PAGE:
Should Congress remain divided or unable to pass legislation unfortunately seen as partisan, my colleague Dan Baer suggests advancing pieces of big, popular legislation that do not fall along pre-existing partisan battle lines. These legislative packages could include pieces of institutional reform crafted in a bipartisan fashion, perhaps by the Problem Solvers Caucus. Members who refuse to accept the reforms will be forced to vote down widely popular bills that could harm their reelection prospects.

Strengthening institutions also requires upholding accountability. Where laws have been broken in the pursuit of power, the best way to prevent and dissuade future breaches is to prosecute lawbreakers to the full extent possible. The many enablers of democratic breakdown should not believe that laws that apply to ordinary people do not apply to them. Where appropriate, those on both sides of the aisle should be prosecuted to offset the optics of a political witch hunt. For Trump himself, prosecution through federal law is probably fruitless even if he has likely broken laws. It is certainly likely to enrage his many followers who will believe any charges are politically motivated. Accountability for crimes committed at the state level may be a wiser path forward.

Finally, since America’s founding, groups of violent, armed citizens have periodically arisen and aligned themselves with whichever party was more nativist or racist. While the United States has never fully rid itself of these anti-democratic forces, the membership of such parties tends to decline when their members are prosecuted for such offenses. A new wave of national and state law enforcement efforts to fight militias, violent white supremacists, and other domestic terrorists will be necessary to reduce their power.

Fostering Social and Economic Reconnection

Entrepreneurial politicians riding polarization to power are responding to demand. U.S. society is at nearly its lowest point in terms of trust in other people and in government since measurements began. Loneliness and alienation are leading people to search for community in national politics and online movements. While plenty of white supremacists are simply hateful, Moonshot CVE, a group that works to redirect people worldwide away from extremist groups, found that Americans seeking “to engage with violent far-right groups were 115 percent more likely to click on mental health ads.” The anomie and alienation of modern life requires creative, ground-up efforts aimed at renewing American civic life and social bonds.

Renewing societal bonds also requires an economy that works for more people. Programs to bridge divides can’t do much to restore pride to the White men facing a loss in relative status, dwindling livelihood prospects, and declining life expectancies—voters who are fueling democratic disintegration by serving as the core of Trump’s base. Some will claim this previously advantaged group doesn’t deserve special consideration now. But an economy that helps them alongside long-disadvantaged groups is crucial for democratic stability.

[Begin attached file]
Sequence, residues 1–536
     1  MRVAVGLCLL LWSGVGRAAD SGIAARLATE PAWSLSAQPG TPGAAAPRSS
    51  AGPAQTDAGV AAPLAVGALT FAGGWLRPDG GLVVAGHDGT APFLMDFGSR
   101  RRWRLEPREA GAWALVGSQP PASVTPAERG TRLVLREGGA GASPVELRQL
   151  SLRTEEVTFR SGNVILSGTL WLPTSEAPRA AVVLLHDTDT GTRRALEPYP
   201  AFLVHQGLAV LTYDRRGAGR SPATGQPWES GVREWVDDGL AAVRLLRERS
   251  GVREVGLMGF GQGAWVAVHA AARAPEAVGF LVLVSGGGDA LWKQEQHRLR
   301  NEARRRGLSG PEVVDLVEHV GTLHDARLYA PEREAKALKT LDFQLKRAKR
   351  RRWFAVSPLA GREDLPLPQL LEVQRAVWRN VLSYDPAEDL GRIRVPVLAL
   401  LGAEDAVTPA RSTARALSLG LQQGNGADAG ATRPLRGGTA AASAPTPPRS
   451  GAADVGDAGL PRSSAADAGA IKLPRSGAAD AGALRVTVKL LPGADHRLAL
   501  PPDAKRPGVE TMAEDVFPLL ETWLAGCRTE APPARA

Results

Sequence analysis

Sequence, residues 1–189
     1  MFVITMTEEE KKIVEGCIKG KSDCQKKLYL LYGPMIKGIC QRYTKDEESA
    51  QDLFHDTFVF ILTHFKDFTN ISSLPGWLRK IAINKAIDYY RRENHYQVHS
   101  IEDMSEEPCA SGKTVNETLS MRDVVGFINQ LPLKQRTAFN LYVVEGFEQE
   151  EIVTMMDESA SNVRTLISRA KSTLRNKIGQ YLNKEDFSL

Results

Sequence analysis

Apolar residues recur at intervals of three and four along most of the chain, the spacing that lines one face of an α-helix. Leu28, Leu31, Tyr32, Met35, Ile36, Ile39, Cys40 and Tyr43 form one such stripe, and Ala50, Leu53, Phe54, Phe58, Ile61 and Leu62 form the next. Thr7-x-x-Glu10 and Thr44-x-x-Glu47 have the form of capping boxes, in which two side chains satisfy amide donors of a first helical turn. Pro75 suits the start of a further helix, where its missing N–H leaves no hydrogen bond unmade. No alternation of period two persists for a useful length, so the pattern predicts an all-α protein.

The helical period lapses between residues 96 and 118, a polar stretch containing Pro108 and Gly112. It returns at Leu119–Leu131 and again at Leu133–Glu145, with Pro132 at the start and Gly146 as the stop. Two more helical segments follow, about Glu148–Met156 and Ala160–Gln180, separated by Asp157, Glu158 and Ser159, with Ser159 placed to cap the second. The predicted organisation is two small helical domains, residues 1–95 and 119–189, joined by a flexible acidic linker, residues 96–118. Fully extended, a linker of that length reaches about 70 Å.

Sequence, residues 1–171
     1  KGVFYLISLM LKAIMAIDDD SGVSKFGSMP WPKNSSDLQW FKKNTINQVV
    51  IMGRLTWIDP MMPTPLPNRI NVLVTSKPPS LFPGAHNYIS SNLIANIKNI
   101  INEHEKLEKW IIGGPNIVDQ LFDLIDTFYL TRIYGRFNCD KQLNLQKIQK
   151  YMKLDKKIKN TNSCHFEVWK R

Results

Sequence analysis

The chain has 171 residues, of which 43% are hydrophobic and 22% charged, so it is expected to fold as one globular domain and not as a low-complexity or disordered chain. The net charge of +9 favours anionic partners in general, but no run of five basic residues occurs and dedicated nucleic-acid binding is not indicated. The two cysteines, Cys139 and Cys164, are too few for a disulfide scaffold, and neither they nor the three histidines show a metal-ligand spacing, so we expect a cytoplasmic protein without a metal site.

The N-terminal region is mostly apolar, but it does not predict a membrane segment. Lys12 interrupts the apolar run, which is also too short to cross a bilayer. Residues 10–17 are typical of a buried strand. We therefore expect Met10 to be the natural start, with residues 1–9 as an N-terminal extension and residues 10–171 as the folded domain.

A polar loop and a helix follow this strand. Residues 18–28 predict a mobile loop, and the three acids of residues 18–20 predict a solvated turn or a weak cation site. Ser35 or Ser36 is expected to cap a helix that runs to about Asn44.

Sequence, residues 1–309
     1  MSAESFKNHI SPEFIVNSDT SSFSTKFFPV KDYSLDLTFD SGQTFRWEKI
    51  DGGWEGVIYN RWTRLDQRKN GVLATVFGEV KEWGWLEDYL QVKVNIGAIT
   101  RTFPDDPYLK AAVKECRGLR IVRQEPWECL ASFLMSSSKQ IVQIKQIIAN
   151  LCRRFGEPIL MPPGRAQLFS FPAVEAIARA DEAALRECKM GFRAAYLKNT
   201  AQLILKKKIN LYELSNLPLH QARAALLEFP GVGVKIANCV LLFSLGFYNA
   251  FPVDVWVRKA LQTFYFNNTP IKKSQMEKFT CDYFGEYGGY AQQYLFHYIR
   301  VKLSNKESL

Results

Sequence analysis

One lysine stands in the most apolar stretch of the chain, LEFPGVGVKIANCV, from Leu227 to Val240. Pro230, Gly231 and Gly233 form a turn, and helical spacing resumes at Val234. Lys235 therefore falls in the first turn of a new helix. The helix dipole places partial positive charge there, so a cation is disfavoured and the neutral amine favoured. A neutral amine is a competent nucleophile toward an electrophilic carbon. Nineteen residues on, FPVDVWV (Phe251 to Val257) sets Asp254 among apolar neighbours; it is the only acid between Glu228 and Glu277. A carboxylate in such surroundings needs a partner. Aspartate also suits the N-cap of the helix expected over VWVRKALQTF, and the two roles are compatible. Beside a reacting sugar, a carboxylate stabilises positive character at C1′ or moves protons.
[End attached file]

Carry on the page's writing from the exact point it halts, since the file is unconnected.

A strain of thought that prevailed in the first century of the American republic saw economic arrangements not primarily in terms of growth or distribution, but instead considered how different economic arrangements assisted or undermined democracy. Concentrations of wealth, for example, were critiqued not for allowing monopolistic tendencies to take hold but for enabling elite capture, imperiling government responsiveness to voters. A large, stable middle class is more able to exercise self-government. By the 1980s, these ideas had given way to the notion that the shape of the economy didn’t matter—as long as all boats were rising, it did not matter that some were rising faster than others. But the country’s Founding Fathers were correct—a democratic society requires an economy that supports democracy.

Reams of social science research shows that high levels of inequality lead to violence and a loss of social cohesion. A K-shaped economic recovery from the coronavirus pandemic, in which the upper-middle class pulls further ahead while the lower-middle class sinks into daily struggle, is going to exacerbate these problems. Some research suggests that, in addition to thriving during recessions, extremist politics may be most attractive to people who are doing less well than others within a growing economy (even if they are doing better than they had been doing previously). Policies that jump-start the post-pandemic economy are crucial—particularly for men of all races without college degrees and for the women who have been forced out of the workforce in droves. Economic recovery for these groups is essential to democratic recovery.

The Path Ahead

Those who have become increasingly concerned with U.S. politics over the last few years, and particularly the last few months, are justified. The United States has strong institutions to fall back on, but it also has a history of anti-democratic politicians and political violence—a history that was revived with events in the nation’s capital this week. Swift action by the coming administration will be needed to turn back the country’s current course.